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grobles27

  • 3 years ago

Find f'(x) for f(x) = cosh^2x^2

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  1. zepdrix
    • 3 years ago
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    \[\large f(x)=\cosh^2\left(x^2\right)\]It might help to look at the function like this,\[\large f(x)=\left(\cosh x^2\right)^2\]We'll have to apply the `chain rule` several times, and this might make it easier to identity the outermost function.

  2. zepdrix
    • 3 years ago
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    So we can see that the outermost function is the square, Taking the derivative gives us,\[\large f'(x)=2\left(\cosh x^2\right)\color{royalblue}{\left(\cosh x^2\right)'}\]We applied the power rule to the outermost function. The chain rule tells us that we have to multiply by the derivative of the inner function. The prime is to let us know that we still need to take the derivative of that part.

  3. zepdrix
    • 3 years ago
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    \[\large f'(x)=2\left(\cosh x^2\right)\color{royalblue}{\left(\sinh x^2\right)}\color{green}{(x^2)'}\]Hopefully you recall the derivative of cosh :) So this is what we get when we take the derivative of the blue term. It leaves us with chain rule once again.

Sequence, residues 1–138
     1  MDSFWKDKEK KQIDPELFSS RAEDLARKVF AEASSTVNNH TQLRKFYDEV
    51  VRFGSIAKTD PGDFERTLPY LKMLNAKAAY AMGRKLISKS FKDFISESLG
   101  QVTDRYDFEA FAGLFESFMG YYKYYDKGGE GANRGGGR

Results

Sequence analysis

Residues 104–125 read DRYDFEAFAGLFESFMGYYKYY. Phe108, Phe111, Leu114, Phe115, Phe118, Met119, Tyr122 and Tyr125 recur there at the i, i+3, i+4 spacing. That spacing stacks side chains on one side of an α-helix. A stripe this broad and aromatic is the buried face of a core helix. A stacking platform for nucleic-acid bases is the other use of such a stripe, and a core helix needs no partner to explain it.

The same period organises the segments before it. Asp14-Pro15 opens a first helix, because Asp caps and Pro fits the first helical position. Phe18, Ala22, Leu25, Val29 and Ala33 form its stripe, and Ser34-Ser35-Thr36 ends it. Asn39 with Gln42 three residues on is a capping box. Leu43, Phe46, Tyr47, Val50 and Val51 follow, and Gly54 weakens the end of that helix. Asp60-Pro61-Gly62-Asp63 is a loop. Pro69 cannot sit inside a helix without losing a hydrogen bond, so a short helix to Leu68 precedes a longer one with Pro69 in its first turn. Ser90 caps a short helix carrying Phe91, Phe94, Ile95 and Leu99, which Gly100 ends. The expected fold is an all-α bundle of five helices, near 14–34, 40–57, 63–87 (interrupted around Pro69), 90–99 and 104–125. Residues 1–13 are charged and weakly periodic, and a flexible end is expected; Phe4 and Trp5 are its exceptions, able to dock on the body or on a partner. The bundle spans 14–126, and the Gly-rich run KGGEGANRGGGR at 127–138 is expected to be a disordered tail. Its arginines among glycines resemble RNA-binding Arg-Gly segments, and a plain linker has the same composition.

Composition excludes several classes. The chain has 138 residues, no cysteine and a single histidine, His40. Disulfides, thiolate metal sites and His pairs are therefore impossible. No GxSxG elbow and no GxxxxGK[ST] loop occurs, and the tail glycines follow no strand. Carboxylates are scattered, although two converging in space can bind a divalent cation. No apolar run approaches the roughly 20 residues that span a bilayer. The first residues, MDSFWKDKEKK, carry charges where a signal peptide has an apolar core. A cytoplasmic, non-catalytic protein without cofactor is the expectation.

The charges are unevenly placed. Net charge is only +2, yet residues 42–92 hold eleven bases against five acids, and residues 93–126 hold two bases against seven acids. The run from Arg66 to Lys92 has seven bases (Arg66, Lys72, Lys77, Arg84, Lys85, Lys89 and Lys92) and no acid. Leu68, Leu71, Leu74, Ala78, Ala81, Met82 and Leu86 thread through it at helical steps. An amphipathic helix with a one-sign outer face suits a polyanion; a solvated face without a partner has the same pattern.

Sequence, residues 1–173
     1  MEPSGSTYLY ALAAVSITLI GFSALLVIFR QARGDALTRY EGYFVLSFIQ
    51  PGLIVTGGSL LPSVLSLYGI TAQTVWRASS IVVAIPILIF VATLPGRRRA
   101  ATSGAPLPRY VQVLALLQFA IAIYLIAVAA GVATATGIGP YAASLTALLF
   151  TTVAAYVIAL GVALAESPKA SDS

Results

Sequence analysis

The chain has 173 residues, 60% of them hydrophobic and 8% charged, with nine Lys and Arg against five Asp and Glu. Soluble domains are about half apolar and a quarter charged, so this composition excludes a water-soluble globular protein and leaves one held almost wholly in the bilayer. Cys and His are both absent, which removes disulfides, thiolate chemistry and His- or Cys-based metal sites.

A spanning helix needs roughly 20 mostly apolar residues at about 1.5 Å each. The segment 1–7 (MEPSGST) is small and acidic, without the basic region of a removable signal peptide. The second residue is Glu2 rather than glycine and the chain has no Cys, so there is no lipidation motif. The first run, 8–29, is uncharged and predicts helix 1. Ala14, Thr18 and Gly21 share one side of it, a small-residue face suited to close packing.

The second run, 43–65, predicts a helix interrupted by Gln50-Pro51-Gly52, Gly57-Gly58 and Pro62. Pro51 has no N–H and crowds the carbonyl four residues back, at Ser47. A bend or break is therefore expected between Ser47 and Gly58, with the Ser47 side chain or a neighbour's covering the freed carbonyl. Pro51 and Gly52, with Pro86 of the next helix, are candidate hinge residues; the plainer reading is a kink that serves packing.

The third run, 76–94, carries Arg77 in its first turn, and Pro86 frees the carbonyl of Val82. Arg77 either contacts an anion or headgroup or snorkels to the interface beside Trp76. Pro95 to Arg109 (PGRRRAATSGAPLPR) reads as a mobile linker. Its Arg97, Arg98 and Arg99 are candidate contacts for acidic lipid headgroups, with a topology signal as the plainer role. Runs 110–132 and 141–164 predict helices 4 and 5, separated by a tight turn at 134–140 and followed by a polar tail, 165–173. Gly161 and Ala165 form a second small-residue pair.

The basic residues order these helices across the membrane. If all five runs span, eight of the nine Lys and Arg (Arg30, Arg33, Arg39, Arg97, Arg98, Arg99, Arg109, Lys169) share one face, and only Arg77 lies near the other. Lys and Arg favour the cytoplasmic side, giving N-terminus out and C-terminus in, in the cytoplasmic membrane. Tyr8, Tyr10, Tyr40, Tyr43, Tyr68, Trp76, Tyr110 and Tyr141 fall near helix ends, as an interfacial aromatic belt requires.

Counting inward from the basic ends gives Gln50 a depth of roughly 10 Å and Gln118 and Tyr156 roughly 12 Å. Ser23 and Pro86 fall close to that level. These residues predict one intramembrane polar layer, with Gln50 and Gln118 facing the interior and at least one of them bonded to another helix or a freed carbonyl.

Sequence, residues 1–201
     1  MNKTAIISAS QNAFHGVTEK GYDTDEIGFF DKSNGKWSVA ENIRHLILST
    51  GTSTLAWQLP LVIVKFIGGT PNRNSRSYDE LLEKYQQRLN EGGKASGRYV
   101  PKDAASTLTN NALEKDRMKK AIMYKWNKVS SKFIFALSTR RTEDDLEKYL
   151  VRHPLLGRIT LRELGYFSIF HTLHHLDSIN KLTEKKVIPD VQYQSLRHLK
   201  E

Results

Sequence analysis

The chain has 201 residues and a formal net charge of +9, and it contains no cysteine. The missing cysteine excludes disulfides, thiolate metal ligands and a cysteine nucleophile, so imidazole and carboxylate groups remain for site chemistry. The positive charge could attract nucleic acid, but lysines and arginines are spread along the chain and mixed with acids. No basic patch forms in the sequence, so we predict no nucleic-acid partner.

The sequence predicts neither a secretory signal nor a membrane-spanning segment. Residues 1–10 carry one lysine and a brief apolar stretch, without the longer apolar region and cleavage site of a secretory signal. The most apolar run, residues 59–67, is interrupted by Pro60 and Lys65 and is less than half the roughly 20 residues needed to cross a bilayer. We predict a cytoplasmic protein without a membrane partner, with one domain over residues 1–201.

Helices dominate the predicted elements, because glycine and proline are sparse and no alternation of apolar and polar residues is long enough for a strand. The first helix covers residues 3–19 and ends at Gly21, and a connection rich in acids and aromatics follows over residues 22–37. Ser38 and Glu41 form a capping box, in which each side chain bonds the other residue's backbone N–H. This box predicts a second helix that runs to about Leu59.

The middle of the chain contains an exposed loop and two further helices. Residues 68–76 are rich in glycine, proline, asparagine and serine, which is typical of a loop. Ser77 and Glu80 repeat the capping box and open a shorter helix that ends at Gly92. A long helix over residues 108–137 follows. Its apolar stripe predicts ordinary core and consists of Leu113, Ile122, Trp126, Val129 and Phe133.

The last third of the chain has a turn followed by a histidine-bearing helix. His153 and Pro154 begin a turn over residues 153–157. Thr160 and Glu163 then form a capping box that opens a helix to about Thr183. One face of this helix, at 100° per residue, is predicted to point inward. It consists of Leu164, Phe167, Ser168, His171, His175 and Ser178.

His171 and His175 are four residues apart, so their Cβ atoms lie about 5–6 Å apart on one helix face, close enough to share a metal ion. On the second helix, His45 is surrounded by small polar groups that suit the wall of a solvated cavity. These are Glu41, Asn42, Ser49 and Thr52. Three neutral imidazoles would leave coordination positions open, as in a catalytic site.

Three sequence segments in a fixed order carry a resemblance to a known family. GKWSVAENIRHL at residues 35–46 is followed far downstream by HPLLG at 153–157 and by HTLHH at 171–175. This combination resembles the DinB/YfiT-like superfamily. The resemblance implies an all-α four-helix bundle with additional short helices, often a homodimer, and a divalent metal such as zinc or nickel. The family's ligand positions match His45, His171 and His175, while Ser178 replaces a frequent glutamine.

4. zepdrix
    • 3 years ago
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    Taking the derivative of the green term gives us, \[\large f'(x)=2\left(\cosh x^2\right)\color{royalblue}{\left(\sinh x^2\right)}\color{green}{(2x)}\] Since multiplication is commutative, we can move the pieces around freely, to make it look a little nicer.\[\large f'(x)=2(2x)\left(\cosh x^2\right)\left(\sinh x^2\right)\]Which simplifies to,\[\large f'(x)=4x \cosh \left(x^2\right)\sinh \left(x^2\right)\]

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